Good news is that now you have a tool that can be of a great help for you to organize your signup process. With this free Confirmed Opt-In Manager plugin you can place a signup form on your web site. What is nice about it is that all the settings – confirmation email, welcome email, confirmation page and “thank you” page – are pre-configured. The confirmation page and “thank you” page already include the “add-to-address-book” request and instructions. You can edit those pages as well as email messages as you want to fit your marketing needs better. This way you will organically build your list of opt-in subscribers whom you can then send your email marketing newsletters. Using this email marketing system you can send emails to your verified list of subscribers collected by the Confirmed Opt-In Manager plugin without exporting them from your WordPress database.

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Comments (8)

  • Avatar

    Angela

    That is a great suggestion; one I had never even thought of. I always do the “spam check” think and hope and pray that all my emails will go into the inbox and not the spam folder. But I hadn’t thought of adding a “add to adresss book” option to my messages or my opt in.

  • Avatar

    marco

    I think the “add to address book” is a great idea, but at the same time I don’t think it will be so easy to push people to do that. Ideally an automated process with a one click button operation should do the trick, but again too many different email clients etc. etc.
    Anyway it is a starting point :)

  • Avatar

    Ian

    Are you sure that adding to an address book will notify the ISP involved?

    As far as I understand it, if you’re using a client email tool (say, Outlook for example) adding an address to your contact list will indeed stop mail going to your junk folder if and when it arrives. However, it does nothing to help the delivery of mail that has been blocked by your ISP because it is deemed junk or unsuitable, which is what SPF and Domainkeys tries to help with.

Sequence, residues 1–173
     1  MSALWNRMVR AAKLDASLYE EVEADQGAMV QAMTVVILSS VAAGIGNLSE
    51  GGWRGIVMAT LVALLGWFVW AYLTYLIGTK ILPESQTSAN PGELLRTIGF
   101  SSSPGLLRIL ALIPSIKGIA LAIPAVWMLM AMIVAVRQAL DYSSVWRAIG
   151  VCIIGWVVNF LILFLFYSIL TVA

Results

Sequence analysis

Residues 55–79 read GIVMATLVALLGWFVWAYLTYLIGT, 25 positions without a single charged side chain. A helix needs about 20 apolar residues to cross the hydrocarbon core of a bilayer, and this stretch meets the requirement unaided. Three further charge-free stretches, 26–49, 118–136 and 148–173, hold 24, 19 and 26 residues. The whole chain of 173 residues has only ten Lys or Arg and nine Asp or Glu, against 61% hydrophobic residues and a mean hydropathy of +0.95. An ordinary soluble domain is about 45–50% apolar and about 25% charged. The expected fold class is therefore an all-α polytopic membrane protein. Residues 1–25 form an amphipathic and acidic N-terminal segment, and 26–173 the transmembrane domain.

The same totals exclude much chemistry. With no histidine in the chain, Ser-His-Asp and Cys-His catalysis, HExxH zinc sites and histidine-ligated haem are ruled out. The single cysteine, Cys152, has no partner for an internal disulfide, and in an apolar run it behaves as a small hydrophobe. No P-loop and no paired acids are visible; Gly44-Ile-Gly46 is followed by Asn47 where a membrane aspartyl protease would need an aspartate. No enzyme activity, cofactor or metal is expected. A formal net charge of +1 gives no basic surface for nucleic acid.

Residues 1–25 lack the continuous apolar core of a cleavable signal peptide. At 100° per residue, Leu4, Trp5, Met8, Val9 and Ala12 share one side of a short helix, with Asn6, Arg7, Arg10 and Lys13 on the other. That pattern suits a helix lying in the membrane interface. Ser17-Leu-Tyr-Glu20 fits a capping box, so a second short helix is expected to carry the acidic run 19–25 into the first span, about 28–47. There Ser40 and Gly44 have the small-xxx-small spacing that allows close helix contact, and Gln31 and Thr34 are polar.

If the recipient is using web mail then, yes, I would agree that the ISP then has access to that information and can act on it accordingly if they wish to.

  • Avatar

    Linda

    I just received an email from a company with a “no reply” email address – and I will admit I was taken aback. I wanted to email them with a question and I had to go back to the original website and find the contact form. I agree, the “no reply” email address is not good business.

    Thanks for the free double optin list manager. Very helpful!

  • Avatar

    Rob

    Thanks Julia, the “add to address book” tip is a quality one. To be honest, I have been struggling to consistently build by email list for longer than I’m willing to admit. And whenever I start to see some progress the continual unsubscribers bring me back down again. I’ll give this a go though, on paper it sounds like it’ll work. But Julia, if it doesn’t then I blame you 😉

  • Avatar

    Vikram

    Some tips from marketing point of view, here are couple of more from tech point of view –

    1. If you are not using aweber or emailaces or any such program and looking to use your own server to send mails, make sure your MX record settings are right. It has happened to me once when one of my MX record setting was wrong and the mails were not getting delivered and I never realized its due to MX settings.

    2. Yahoo mail most likely will be sending your mails to spam folder. so check your server headers and settings. For tech savy guys, start from here http://postfix.state-of-mind.de/patrick.koetter/smtpauth/smtp_auth_mailservers.html (NO, this is NOT my site)

  • Avatar

    Peter@Zakelijke Lening

    I’ve had some nasty experiences with SPAM in the past, once because of bad software and once because of an incorrect verification process. The one you’re advising is probably best. It’s a little more hassle for someone to opt-in twice, but it makes sure they get your e-mail… which is the reason they’ve signed up in the first place.

  • Avatar

    Medical Assistant Jobs

    The whitelisting request is a normal email marketing practice and one of the things that differ good email marketers from spammers. Go to your spam folder and look spam emails through. Did you find many emails asking you to add their sender email to your address book? I guess not, if any. Spammers don’t usually request their email address to be whitelisted.